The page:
Kaisare N.S.,Indian Institute of Technology Madras | Vlachos D.G.,University of Delaware
Progress in Energy and Combustion Science | Year: 2012

Microcombustion research has flourished over the past decade. Yet, most of the commercial potential of microcombustion is still to come. Aside from portable electronics, emerging drivers stem from the energy problem of declining fossil fuel reserves and their large environmental footprint upon combustion. The need to capitalize on underutilized energy sources and renewables further stimulate energy research in microsystems. In this review paper, technological drivers, applications, devices, and fabrication protocols of microburners are presented. Then, a review of homogeneous, catalytic, homogeneous-heterogeneous and heat recirculating microburners is given. Results are presented that interpret literature findings. An outlook of microcombustion research is finally outlined. © 2011 Elsevier Ltd. All rights reserved. Source

Padmanabhan T.,Inter-University Center for Astronomy and Astrophysics | Kothawala D.,Indian Institute of Technology Madras
Physics Reports | Year: 2013

Lanczos-Lovelockmodels of gravity represent a natural and elegant generalization of Einstein's theory of gravity to higher dimensions. They are characterized by the fact that the field equations only contain up to second derivatives of the metric even though the action functional can be a quadratic or higher degree polynomial in the curvature tensor. Because these models share several key properties of Einstein's theory they serve as a useful set of candidate models for testing the emergent paradigm for gravity. This review highlights several geometrical and thermodynamical aspects of Lanczos-Lovelockmodels which have attracted recent attention. © 2013 Elsevier B.V. Source

Naganathan A.N.,Indian Institute of Technology Madras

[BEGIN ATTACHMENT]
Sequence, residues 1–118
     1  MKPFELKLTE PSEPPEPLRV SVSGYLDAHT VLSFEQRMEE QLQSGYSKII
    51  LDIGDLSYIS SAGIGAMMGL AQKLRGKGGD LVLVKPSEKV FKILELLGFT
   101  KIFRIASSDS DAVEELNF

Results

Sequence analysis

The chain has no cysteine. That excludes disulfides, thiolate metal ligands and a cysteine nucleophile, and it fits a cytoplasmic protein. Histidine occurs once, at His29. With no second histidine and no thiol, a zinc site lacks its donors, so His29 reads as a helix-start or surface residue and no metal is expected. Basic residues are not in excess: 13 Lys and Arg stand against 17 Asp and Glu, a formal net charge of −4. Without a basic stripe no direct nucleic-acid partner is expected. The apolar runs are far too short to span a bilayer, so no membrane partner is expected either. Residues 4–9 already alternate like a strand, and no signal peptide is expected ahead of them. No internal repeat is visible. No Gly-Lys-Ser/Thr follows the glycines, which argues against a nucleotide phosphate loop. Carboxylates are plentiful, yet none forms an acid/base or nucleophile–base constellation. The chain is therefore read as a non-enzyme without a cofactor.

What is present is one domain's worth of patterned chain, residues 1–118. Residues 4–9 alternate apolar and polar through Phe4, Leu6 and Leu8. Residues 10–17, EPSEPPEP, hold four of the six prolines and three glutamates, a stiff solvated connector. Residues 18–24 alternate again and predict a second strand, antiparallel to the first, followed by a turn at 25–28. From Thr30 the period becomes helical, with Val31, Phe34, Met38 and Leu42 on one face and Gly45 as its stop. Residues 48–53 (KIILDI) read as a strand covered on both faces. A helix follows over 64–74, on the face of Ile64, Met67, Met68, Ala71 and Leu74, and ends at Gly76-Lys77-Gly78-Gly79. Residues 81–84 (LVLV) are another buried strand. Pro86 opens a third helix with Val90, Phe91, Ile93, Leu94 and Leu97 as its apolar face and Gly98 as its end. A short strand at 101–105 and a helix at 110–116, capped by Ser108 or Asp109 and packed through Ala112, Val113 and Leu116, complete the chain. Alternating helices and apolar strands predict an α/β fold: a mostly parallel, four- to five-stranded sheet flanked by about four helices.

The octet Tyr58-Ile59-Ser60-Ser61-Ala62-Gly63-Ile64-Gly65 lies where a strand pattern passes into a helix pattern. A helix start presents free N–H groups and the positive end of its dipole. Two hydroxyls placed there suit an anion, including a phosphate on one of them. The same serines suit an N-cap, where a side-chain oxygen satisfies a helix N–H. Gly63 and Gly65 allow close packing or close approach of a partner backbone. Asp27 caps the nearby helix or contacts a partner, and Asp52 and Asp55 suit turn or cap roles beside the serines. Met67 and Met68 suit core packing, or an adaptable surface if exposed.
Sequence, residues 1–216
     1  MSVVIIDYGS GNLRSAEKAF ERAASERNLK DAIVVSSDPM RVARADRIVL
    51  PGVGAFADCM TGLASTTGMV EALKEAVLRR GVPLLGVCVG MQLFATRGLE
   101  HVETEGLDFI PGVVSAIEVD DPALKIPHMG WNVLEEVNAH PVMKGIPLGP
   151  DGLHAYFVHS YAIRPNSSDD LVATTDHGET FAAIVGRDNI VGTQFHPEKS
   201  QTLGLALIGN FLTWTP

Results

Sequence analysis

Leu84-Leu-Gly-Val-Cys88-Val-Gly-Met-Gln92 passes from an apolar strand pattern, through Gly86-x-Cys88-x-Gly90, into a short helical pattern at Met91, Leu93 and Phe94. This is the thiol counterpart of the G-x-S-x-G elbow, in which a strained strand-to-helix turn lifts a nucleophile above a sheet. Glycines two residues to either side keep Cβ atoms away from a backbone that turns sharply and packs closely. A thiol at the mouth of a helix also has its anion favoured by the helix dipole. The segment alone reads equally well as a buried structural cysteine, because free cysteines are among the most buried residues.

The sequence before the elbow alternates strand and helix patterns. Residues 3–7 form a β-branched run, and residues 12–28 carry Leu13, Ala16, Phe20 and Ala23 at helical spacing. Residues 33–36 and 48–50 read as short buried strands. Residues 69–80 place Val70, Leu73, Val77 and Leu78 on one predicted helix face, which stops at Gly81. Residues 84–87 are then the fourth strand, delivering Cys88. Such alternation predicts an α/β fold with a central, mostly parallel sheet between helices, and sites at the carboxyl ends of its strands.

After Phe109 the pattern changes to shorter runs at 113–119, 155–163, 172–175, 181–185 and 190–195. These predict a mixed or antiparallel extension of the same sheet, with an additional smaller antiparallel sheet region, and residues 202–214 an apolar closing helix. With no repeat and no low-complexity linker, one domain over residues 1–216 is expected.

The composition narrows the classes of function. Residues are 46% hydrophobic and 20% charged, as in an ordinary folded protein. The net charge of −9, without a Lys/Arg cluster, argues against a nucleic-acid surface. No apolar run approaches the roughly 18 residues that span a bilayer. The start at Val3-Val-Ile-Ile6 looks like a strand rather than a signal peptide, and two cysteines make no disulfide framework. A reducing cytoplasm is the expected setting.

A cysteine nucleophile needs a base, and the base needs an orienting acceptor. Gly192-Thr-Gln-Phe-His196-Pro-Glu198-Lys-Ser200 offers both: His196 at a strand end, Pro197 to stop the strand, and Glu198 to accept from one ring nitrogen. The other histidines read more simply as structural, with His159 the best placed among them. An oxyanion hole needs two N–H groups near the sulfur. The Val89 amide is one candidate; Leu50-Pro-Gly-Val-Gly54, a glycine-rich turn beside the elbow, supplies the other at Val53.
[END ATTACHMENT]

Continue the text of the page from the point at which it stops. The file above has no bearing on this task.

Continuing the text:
Journal of Chemical Theory and Computation | Year: 2012

Charged residues on the surface of a protein are known hot-spots for post-translational modification, protein/ligand-binding, and tuning conformational stabilities. Recent experimental evidence points to the fact that surface electrostatics can also modulate thermodynamic barriers and hence folding mechanisms. To probe for this behavior across different proteins, we develop a novel version of the Wako-Saitô-Muñoz-Eaton (WSME) model in which we include an electrostatic potential term in the energy function while simplifying the treatment of solvation free energy. Both of the energy terms are obtained by quantitatively fitting the model to differential scanning calorimetry (DSC) experiments that carry critical information on the protein partition function. We characterize four sets of structural/functional homologues (HEWL/BLA, CspB, engrailed, α-spectrin) either by fitting the experimental data of a single domain in the homologous set and predicting the conformational behavior of the rest with the same set of parameters or by performing semiblind predictions. The model with the added electrostatic term is able to successfully reproduce the order of thermodynamic stabilities and relaxation rates of most of the homologues. In parallel, we predict diverse conformational features including a wide range of thermodynamic barriers (∼9-40 kJ/mol), broad native ensembles in helical proteins, structured unfolded states and intermediates, rugged folding landscapes, and further provide an independent protein-specific estimate of the folding speed limit at 298 K (1/(7-300 μs)). Our results are evidence that protein surface electrostatics can be tailored to not only engineer stabilities but also folding mechanisms and the ruggedness of the underlying landscape. © 2012 American Chemical Society. Source